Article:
May 18, 2009 at 8:52 pm (Free Seeds, Green Living, Square Foot Gardening, Strange Plants)
Tags: Green Fest, jumbo squash
I’ve got to be honest, this was not something I would have been happy to have had to pay to attend. All the community organizations had free passes to the event and a lot of the people I’ve met through the gardening groups were going, so I went too. Of course Greg Bratton was there and Stephanie, one of the faithful volunteers for Healthy South Chicago. I saw a couple of people who were at The Green Summit (Naomi Davis and LaDonna Tittle). Dominique Bowman, Executive Director for The Green Lots Program was there. I got a chance to meet the proprietors of Black Oaks.
The theme was about eco-friendly products. There were clothes made out of recycled plastics, the eco-friendly tankless water heater. They had book signings.
There were only a few exhbits that caught my eye.
These guys sell paper made with elephant dung, a perfect addition to any compost pile after you’re done with it.
This guy was selling yard art and plant stands made from twigs. They were actually reasonable priced too.
The best thing for me was we found some free seeds. You know me and my free seeds. I’ve got a fair collection of the usual seeds, so now I look for the unusual.
41 inches long and 70 pounds. That’s a pretty big squash. Or maybe the company is fudging a little bit. Gourmetseeds.com says they average 20 inches and 15 pounds, but that’s still impressive for a squash.
Anybody out there in the blogosphere have any experience with this particular squash? How’d yours do?
April 20, 2009 at 10:34 pm (Free Seeds, Frugal Gardening, Square Foot Gardening)
Tags: earth day offers, free samples, Free Seeds, Frugal Living
Every day I try to pop over to the My Good Cents page (under frugal living on the sidebar). Anything that says free sample gets my attention. So far I’ve gotten a coupon for a free Kashi frozen dinner, info for free bowling for kids, two $1 $2 printable coupons for any size All 3x and Mighty detergent, free seeds from Campell’s Soup and a free (ahem) intimate raincoat. Hey, it was free.
Reynolds is giving away a coupon for a roll of their recycled aluminum foil. I signed up for that. And just a little while ago, I signed up for a sample of Dunkin Donuts coffee. They had a blog widget which actually works. Half the time I can’t get the widgets to work. So, there it is, Hope you find it useful.
Today, still at My Good Cents, I read that Home Depot has a buy one get one free seed sale in honor of Earth Day (4-19 to 4-28). I missed out on the free compact fluorescent bulb. I stopped by and got lavender seeds, because I don’t have any, and organic cantaloupe, because I’m trying to change my evil ways and buy organic seeds. Not that I have any more room for anything else on the grow rack, but I started a few of the lavender seeds and tomorrow I’ll plant a few cantaloupe seeds.
April 18, 2009 at 8:15 am (Free Seeds, Frugal Gardening, Growing Tomatoes)
Tags: Campbell's Soup promotion, Free Seeds, Growing Tomatoes
I got mine, thanks to a link from My Good Cents…complete with coupon code.
Now you get yours.
(Click cute little tomato growing in can to get your free seeds)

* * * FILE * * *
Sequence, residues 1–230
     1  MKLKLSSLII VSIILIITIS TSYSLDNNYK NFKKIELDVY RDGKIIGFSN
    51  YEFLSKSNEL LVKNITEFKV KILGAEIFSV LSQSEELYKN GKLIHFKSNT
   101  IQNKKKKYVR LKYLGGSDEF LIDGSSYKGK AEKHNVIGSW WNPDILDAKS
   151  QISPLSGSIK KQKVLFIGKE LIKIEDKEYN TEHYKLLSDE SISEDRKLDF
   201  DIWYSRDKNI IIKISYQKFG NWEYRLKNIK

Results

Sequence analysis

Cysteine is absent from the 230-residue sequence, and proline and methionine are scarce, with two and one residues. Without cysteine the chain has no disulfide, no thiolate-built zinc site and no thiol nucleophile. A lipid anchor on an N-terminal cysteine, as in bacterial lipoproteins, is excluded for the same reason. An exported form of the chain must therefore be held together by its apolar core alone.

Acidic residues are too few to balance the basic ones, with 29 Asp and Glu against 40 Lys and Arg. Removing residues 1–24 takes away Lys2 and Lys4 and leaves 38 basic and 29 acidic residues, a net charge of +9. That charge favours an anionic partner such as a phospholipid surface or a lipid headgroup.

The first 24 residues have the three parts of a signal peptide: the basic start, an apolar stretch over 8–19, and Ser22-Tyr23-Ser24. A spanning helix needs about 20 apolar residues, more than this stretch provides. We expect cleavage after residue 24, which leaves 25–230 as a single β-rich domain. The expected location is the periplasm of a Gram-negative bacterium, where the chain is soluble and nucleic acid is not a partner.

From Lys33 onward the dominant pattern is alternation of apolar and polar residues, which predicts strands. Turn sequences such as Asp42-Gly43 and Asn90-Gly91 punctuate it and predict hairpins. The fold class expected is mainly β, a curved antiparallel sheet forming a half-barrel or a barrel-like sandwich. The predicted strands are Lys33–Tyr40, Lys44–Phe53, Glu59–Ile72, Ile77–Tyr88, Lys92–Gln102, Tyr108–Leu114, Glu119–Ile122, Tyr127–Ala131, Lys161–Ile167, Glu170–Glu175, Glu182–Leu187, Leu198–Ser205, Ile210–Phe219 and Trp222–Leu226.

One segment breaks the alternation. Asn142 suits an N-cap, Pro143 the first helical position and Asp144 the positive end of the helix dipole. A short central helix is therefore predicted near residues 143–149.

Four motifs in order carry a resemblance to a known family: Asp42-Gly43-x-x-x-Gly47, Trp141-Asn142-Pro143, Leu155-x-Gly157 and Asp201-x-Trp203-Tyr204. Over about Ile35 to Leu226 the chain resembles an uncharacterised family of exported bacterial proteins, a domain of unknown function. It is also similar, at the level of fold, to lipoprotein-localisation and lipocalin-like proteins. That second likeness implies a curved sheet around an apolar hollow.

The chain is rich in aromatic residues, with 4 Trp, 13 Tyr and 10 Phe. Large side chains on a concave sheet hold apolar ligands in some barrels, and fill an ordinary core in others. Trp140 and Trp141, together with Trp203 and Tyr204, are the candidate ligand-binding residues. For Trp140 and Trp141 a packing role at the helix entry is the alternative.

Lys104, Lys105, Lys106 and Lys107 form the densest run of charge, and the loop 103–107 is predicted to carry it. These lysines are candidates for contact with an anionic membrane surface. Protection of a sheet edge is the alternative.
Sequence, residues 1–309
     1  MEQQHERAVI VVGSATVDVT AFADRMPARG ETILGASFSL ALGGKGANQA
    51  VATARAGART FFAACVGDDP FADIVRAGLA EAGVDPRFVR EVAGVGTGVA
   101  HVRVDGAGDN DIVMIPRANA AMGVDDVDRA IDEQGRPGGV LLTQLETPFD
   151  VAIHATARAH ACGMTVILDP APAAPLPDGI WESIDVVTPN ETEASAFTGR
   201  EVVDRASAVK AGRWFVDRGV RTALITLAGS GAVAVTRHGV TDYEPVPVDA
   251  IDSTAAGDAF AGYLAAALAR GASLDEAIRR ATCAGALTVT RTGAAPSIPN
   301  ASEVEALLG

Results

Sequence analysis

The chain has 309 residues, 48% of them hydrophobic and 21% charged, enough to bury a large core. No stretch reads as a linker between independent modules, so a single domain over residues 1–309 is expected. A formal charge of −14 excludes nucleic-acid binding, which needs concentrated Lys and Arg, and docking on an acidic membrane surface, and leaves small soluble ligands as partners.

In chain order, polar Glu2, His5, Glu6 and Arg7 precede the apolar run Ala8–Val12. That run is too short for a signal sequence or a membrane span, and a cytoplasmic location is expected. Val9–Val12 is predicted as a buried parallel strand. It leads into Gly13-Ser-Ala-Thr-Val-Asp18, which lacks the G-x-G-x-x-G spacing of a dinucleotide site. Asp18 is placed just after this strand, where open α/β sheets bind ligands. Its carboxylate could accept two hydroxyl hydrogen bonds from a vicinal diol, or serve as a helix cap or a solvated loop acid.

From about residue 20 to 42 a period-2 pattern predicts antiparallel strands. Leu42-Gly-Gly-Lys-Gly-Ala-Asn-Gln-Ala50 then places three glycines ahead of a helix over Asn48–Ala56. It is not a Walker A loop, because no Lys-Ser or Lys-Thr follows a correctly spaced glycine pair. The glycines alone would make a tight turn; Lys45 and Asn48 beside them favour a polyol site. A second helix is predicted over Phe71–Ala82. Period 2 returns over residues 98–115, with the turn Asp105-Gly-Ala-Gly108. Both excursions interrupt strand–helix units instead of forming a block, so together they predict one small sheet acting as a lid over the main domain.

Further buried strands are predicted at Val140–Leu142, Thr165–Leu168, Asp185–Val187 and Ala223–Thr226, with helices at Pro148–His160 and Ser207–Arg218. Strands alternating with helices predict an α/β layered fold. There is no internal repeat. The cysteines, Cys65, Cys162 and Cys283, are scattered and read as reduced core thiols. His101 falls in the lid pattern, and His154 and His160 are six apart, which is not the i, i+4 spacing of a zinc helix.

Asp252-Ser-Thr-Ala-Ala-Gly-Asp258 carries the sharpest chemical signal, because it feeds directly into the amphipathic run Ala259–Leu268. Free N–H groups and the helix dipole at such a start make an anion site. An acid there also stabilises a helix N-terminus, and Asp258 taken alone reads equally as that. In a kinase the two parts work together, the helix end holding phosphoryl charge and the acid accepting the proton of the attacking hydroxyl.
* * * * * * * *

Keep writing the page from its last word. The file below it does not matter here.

Be sure to check out their Get Growing page. It has some good basic instructions for growing tomatoes.
*The link and code is probably available at My Good Cents, but you’ll have to search for it.
**Offer valid until June 21, 2009 (or while supplies last). One per househhold. Good only in the USA, Puerto Rico. Allow eight weeks for handling and delivery
March 19, 2009 at 6:00 pm (Free Seeds, Frugal Gardening, Soil Tests)
Tags: Frugal Gardening, homemade soil tests
Here’s what I learned in the class I sat in on a couple of days ago.
The class was on soil. The presenter mentioned the soil-in-a-jar test to get a rough idea of your soil composition, just like the presenter at the Building Urban Gardens class, but she also said you can get a rough idea of your soil acidity using a purple cabbage. She mentioned the purple cabbage and some baking soda, but I was distracted and didn’t quite get it. But here’s what I found on how to do it.
Chop up some purple cabbage leaves, add an equal amount of distilled water (which is ph neutral at 7.0), and let sit for a few hours. You want the water to turn purple.
To test the solution, mix a few drops of the solution with a few drops of regular cooking vinegar, the five percent kind. The solution should turn red, which indicates a 3.5 ph.
To test your soil, in a container mix one part dry soil to two parts of the cabbage solution. Stir and let soil settle. The color of the solution gives you an idea of your soil acidity.
Pink or red = Indicates acidic soil
Purple (no change) = neutral ph
Blue = indicates alkaline soil
Green = Indicates highly alkaline soil
Soils with lots of organic material tend to be more acidic.
They gave out seeds again at the end of the class. This time it was herbs. I got…
The salsify was a trade. I had the regular basil, which I didn’t need, so I wanted to try the salsify and the woman I traded with wanted the basil. So, it was a win-win situation.
I needed some spinach seeds and stopped at the Big Lots and found these …
I was going to order the lemon cucumbers, but the shipping and handling was stopping me, so I was really happy to find these. And I don’t really eat beets, but who could resist a bulls eye beet. And how often do you see white radishes? Do I hear seed-aholic in the making?